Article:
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Science: Sperm, Homosexuality and Primordial Soup

Lauren Admire | 8 Feb 2010 21:00
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The Primordial Soup is a Lie

You've read all about it in your biology textbooks: Life emerged from a stew of methane, ammonia and water that were triggered into becoming the first forms of organic organisms. This theory is being refuted.

J.B.S Haldane, the man behind the primordial soup theory, proposed that UV radiation had been the stimulus for organic compounds to begin fermentation (the process of converting molecules into energy without the use of oxygen). However, this does not include a sustained driving force, and without that, life just cannot exist.

Dr. Nick Lane and others from University College London believe that life came from the bottom of the ocean, near alkaline hydrothermal vents. These hydrothermal vents produce chemical gradients that are very similar to the ones that are found in nearly all living organisms today.

Quick lesson:

To do work, a cell typically uses a compound called ATP. Think of ATP as a fuel, similar to the kind we put into a car. However, ATP has to be made first, and cells create it by breaking chemical bonds between compounds.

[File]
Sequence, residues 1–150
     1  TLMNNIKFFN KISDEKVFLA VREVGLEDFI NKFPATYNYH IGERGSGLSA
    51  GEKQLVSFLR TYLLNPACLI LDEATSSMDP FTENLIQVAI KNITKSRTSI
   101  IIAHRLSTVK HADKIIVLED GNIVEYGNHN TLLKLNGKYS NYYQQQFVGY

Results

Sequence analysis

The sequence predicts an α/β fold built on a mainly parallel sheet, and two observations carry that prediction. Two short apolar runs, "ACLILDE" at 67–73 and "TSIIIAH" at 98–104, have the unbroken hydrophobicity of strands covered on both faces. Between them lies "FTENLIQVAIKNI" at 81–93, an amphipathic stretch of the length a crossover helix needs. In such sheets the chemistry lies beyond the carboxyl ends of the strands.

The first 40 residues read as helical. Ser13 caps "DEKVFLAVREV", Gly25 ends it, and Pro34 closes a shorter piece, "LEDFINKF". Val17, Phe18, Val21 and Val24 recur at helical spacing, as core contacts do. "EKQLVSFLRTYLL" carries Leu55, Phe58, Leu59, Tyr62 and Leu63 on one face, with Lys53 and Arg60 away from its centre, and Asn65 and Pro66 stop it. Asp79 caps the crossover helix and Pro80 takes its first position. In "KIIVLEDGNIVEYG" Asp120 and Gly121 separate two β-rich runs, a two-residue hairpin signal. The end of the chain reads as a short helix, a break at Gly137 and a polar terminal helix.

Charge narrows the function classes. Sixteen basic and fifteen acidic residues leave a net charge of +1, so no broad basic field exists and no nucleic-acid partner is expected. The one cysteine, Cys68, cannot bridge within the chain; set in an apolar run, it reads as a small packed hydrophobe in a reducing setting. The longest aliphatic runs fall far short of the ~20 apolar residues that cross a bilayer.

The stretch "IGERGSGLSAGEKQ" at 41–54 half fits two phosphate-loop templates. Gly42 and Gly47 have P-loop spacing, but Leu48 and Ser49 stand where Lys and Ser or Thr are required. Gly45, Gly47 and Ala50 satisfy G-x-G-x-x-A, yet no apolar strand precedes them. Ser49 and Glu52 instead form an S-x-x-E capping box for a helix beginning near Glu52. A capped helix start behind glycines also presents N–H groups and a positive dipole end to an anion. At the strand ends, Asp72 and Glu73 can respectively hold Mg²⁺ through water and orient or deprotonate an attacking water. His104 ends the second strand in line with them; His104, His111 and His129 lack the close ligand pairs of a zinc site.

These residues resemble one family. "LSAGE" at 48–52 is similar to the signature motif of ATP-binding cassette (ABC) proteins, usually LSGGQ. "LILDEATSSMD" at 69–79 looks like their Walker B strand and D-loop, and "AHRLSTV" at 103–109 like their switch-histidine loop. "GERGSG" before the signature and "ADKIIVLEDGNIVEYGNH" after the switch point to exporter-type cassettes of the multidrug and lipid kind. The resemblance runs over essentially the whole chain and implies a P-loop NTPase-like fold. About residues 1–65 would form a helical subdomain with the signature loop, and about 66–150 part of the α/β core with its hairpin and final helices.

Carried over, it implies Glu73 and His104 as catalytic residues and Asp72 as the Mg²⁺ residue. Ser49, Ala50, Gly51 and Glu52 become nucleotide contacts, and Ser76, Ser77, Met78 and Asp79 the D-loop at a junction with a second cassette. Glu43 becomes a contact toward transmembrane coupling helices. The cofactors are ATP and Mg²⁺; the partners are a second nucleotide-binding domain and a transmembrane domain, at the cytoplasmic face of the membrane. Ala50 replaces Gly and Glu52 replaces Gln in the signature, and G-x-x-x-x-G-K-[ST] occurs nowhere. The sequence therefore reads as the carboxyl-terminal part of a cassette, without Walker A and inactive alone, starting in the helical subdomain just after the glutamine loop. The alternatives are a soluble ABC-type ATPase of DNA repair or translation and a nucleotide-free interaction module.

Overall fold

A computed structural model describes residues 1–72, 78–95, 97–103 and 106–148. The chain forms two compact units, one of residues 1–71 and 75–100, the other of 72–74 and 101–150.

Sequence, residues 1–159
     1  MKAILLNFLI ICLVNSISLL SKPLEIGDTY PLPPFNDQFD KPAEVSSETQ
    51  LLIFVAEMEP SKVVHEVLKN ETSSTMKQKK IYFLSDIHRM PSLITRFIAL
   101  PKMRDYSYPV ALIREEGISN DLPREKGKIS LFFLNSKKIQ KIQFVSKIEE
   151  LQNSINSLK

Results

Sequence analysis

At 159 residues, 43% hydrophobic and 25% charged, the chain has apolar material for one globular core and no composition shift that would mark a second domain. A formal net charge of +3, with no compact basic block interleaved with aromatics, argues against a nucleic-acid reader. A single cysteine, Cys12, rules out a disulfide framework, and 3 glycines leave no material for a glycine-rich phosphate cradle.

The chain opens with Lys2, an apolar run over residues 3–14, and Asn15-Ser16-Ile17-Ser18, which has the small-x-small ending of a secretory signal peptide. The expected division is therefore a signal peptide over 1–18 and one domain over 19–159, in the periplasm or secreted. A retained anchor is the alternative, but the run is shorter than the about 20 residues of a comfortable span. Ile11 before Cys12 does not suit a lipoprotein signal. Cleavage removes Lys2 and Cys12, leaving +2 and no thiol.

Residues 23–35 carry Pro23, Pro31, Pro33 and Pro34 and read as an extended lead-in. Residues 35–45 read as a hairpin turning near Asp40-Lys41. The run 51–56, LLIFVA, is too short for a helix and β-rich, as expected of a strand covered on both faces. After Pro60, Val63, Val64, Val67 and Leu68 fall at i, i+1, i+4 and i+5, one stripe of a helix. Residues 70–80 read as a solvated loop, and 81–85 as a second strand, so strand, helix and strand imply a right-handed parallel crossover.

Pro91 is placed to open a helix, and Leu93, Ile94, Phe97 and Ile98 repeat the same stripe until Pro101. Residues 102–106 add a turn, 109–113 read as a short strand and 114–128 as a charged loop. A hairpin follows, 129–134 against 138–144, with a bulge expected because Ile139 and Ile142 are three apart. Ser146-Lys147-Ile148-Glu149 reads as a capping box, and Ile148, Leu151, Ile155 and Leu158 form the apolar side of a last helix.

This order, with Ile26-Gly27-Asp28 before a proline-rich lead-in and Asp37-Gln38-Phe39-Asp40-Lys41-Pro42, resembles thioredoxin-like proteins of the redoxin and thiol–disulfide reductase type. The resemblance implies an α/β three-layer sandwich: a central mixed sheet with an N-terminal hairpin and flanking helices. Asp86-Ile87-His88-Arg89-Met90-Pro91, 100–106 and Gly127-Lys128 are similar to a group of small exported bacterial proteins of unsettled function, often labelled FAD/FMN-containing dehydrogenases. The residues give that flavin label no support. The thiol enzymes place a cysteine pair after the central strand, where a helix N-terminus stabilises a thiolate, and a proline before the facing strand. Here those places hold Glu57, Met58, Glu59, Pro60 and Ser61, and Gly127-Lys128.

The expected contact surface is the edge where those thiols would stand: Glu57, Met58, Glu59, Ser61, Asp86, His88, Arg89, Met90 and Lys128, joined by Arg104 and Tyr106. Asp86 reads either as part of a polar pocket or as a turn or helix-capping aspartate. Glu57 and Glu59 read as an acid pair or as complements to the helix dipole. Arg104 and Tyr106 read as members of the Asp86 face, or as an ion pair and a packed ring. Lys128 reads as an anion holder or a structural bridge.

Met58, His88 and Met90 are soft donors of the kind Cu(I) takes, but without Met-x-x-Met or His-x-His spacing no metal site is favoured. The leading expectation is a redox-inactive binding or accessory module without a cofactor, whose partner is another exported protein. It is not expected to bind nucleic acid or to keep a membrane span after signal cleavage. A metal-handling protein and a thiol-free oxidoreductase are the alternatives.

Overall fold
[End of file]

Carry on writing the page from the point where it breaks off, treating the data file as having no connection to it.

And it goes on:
Chemical bonds are broken whenever electrons are transferred -when electrons are transferred or moved, energy is released. However, energy cannot be harvested all at once - it would just get too confusing. Instead, energy is created by transporting an electron down a proton gradient. You can think of a chemical gradient as a series of escalators.

At the start of each escalator, an escort whisks the electron down them- for a price. And the price is 1 or more donations of the cellular currency, ATP.

Sound like a complicated process? Well, it is, and it didn't just sprout up overnight. Fortunately, the natural chemical gradients present in hydrothermal vents could have been exploited by living organisms in a process called chemiosmosis, a way of harvesting compounds or elements in a process similar to osmosis. As cells evolved, they internalized their own chemical gradient, using the same kind of system that had been found in the vents.

"The reason that all organisms are chemiosmotic today is simply that they inherited it from the very time and place that the first cells evolved - and they could not have evolved with it," states William Martin, co-researcher.

Source: Machines Like Us

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